A LAWYER representing the families of two young people who took their lives in custody has said it would be “unbelievable” if one was forced to withdraw from a fatal accident inquiry over legal aid funds being denied.

Katie Allan, 21, and William Lindsay, 16, took their own lives while at Polmont Young Offenders Institute in 2018.

Solicitor Aamer Anwar, acting on behalf of the families, said Katie’s parents Linda and Stuart had been informed their application for legal funding had been denied.

At a preliminary hearing at Falkirk Sheriff Court on Tuesday, Anwar said the family would be unable to participate in the joint fatal accident inquiry (FAI) into the deaths if a change was not made.

He said he would be raising the issue directly with Justice Secretary Angela Constance due to the “injustice” that families cannot be automatically granted funding while prison officers, ministers and health boards can.

“It would be unfortunate if the family couldn’t be in this FAI after five years of relentlessly pushing for it,” he said.

In a press statement after the hearing, he told journalists: “At court today I raised with the Sheriff that it would be unbelievable that the only family in the Joint FAI not to be granted funding for representation were the family of Katie Allan.

“Katie’s parents have been relentless in the last five years in seeking the truth of what happened not just to Katie, but to every other young person who has taken their life at Polmont.”

“It is time that Scottish ministers intervene to end this injustice if the process of an FAI is to have any legitimacy in the eyes of the bereaved.”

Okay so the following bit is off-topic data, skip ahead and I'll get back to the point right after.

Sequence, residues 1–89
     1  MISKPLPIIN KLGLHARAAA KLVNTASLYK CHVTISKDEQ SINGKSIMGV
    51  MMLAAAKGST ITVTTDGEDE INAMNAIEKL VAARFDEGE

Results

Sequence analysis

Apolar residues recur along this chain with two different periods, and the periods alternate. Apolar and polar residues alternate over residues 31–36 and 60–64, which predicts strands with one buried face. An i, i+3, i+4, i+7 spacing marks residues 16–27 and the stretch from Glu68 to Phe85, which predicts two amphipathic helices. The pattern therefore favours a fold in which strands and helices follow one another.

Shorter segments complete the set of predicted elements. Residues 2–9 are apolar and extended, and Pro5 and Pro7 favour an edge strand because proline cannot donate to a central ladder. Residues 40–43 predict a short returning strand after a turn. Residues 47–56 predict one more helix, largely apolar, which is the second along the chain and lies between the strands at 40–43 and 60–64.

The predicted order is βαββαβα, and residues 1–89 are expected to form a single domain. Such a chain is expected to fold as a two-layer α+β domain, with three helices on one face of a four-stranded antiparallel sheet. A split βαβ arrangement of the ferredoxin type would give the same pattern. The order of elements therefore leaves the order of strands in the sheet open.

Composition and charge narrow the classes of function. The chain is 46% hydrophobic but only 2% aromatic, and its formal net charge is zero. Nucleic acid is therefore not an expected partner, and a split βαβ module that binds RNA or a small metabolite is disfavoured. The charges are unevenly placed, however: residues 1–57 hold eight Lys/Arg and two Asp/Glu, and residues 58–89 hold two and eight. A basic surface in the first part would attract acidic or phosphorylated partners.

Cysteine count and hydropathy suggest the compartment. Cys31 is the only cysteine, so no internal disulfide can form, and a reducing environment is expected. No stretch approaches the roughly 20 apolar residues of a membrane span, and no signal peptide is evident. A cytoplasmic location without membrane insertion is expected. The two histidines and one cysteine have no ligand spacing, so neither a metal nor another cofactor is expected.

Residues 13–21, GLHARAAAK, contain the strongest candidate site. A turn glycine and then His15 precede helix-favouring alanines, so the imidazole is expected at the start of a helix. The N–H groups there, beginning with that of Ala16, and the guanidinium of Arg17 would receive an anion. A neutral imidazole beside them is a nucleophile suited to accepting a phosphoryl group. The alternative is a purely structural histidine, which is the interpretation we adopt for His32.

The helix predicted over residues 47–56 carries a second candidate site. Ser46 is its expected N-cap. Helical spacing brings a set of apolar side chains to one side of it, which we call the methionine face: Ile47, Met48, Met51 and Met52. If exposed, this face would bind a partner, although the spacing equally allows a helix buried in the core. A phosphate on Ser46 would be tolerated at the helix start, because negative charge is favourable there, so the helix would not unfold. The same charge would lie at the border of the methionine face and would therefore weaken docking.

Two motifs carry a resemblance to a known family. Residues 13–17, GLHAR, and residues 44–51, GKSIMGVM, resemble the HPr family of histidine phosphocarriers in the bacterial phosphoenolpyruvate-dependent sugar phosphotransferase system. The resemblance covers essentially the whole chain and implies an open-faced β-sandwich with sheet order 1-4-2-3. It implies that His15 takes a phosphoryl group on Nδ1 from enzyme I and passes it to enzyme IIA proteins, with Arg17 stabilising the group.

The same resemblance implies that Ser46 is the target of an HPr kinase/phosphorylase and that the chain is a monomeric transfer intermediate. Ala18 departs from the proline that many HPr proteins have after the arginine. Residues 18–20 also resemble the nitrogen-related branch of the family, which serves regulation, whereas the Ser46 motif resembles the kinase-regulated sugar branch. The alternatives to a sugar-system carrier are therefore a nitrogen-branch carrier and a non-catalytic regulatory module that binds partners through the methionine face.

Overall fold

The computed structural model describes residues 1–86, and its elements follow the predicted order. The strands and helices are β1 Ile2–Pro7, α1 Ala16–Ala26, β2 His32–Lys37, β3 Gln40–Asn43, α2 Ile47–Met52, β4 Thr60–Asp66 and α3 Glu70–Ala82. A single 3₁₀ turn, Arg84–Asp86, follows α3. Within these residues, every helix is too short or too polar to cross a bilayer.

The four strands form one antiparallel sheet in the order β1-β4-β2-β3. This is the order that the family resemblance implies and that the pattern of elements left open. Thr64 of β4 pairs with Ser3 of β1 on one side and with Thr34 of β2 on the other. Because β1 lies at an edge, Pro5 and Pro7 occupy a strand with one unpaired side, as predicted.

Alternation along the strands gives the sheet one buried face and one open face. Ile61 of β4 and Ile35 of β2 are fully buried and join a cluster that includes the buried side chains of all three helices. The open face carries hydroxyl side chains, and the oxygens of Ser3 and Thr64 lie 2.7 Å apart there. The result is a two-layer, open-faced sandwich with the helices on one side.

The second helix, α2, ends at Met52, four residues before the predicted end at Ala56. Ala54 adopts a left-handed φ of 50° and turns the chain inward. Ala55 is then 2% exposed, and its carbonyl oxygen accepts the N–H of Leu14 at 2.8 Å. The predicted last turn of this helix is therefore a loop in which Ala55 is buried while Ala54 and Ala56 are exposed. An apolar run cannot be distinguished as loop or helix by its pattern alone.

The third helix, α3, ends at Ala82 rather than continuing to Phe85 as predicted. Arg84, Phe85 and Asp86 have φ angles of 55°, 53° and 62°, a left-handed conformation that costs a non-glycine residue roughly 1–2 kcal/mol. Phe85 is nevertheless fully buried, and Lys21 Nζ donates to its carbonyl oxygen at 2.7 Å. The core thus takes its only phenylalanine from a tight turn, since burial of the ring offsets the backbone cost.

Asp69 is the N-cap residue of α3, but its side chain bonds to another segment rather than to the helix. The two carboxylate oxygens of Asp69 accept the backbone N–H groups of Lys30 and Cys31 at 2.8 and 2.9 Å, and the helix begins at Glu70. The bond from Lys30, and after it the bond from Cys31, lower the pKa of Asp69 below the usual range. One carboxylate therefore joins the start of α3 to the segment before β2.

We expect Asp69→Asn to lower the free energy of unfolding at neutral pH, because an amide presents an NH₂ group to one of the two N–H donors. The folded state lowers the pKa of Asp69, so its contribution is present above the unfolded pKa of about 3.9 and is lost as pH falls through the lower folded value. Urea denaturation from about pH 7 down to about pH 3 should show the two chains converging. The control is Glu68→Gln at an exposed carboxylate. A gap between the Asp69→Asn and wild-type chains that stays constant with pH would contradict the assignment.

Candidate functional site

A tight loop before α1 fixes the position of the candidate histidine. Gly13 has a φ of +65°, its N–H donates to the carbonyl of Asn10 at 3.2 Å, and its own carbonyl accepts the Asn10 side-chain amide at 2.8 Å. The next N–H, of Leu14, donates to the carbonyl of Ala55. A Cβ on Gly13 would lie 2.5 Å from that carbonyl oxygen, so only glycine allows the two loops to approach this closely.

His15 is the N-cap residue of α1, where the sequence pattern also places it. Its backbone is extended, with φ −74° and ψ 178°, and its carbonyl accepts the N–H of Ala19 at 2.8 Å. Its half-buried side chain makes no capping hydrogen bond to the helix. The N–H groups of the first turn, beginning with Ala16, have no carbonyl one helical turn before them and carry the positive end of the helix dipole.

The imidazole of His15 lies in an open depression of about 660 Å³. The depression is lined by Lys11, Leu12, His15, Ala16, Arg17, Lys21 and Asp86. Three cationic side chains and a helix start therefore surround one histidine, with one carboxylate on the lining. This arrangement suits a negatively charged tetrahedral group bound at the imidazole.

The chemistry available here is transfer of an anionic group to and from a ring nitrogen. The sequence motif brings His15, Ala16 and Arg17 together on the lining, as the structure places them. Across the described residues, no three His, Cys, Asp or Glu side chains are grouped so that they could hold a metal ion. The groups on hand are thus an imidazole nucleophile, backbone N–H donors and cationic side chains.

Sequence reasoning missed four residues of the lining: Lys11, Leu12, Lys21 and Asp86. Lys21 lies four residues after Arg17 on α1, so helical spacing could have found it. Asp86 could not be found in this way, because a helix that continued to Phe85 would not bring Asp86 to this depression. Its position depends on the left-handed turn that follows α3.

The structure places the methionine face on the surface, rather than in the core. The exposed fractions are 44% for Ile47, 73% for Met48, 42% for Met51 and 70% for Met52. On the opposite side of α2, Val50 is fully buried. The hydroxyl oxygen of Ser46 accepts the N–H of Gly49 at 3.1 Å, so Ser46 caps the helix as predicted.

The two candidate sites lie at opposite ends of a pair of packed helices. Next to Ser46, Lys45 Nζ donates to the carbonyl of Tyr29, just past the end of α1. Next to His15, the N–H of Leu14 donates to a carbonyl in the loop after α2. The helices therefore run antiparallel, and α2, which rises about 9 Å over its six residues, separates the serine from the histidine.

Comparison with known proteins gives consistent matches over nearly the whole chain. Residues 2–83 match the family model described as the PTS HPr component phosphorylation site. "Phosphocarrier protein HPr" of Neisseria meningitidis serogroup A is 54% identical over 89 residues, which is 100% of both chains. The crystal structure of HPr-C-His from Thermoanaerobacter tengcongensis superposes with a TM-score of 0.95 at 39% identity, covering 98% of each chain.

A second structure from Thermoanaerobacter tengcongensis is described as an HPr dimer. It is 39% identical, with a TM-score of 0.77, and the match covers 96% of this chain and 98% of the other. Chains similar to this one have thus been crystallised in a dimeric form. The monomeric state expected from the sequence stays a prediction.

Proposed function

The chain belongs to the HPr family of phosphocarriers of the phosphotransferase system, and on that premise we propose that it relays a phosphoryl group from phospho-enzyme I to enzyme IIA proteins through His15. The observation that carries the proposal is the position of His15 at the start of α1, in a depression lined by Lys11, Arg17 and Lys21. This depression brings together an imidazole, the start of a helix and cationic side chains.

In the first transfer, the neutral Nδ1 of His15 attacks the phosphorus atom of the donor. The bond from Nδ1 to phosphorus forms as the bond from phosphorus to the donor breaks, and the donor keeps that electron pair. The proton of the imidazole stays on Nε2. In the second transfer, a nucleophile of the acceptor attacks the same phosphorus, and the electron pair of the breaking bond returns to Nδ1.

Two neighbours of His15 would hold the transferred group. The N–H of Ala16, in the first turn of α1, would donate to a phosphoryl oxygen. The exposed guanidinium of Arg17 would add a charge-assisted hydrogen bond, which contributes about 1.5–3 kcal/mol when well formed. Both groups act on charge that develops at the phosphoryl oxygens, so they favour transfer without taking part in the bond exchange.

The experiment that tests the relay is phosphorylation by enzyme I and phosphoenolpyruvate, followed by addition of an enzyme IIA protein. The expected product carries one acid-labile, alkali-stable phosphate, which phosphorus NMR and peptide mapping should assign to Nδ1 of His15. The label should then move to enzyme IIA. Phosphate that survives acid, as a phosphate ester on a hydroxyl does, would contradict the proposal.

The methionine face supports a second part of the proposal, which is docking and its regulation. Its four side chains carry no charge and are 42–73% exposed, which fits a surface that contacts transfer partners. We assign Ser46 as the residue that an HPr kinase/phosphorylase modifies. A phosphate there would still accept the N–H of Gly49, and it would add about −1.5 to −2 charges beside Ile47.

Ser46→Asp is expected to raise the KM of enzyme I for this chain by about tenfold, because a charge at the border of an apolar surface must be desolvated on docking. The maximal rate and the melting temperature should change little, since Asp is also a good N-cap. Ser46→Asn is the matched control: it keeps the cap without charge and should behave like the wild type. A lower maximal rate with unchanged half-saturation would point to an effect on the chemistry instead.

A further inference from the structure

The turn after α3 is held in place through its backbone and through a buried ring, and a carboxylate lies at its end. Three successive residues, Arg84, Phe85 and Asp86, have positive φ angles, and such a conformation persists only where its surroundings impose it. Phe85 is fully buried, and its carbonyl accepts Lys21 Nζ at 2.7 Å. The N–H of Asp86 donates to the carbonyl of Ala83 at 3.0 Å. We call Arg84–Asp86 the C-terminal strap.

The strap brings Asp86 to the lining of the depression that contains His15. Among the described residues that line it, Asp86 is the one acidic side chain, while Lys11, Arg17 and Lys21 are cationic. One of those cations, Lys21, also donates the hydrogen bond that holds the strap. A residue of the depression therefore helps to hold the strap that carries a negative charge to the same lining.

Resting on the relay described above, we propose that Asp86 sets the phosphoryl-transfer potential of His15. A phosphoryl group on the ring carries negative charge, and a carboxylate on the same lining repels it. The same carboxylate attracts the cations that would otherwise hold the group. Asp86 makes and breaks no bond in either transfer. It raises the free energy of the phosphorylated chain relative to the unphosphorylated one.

The sheriff presiding over the inquiry also expressed concern at the prospect of the Allan's being unable to participate in the inquiry due to their legal aid application being rejected.

Speaking in court, he said: “From my point of view, I would find it extremely helpful if the family of Katie Allan was represented in this inquiry.

“It is more than appropriate that Katie Allan’s family would be represented. I cannot tell the legal aid board or ministers what to do but I can say that I very much hope that they will be able to enable Katie Allan’s family to be represented in this inquiry.”

Anwar also repeated his call to First Minister Humza Yousaf to remove Crown Immunity, which means that the Scottish Prison Service cannot be prosecuted.

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And he said the families were also disappointed to be told that the Health and Safety Executive (HSE) would not consider administering a Crown Censure.

A Crown Censure is the way in which HSE formally records the decision that, but for Crown immunity, the evidence of a Crown body’s failure to comply with health and safety law would have been sufficient to provide a realistic prospect of securing a conviction.

Anwar said: “It is time that the First Minister Humza Yousaf moved to remove Crown Immunity – it is archaic that in a civilised society, the Scottish Prison Service is not accountable when someone dies on their watch.”

Katie Allan died at Polmont Young Offenders Institution in June 2018 while serving a sentence for a driving offence.

William Lindsay died in October that year days after being sent there on remand.

A second preliminary hearing has been scheduled for September 15, with the full inquiry set to begin on January 8 2024.

A Scottish Prison Service spokesperson said: “An inquiry requires to take place following every death in custody so that the circumstances in which a life is lost whilst in the custody of the state are properly investigated and understood.

“Where the lives lost are two young individuals, both with no previous experience of custody, the need to investigate and understand the circumstances in which those lives were lost is especially acute.

“The Scottish Prison Service are committed to supporting this inquiry.

“We will not be making any additional public comment at this time.”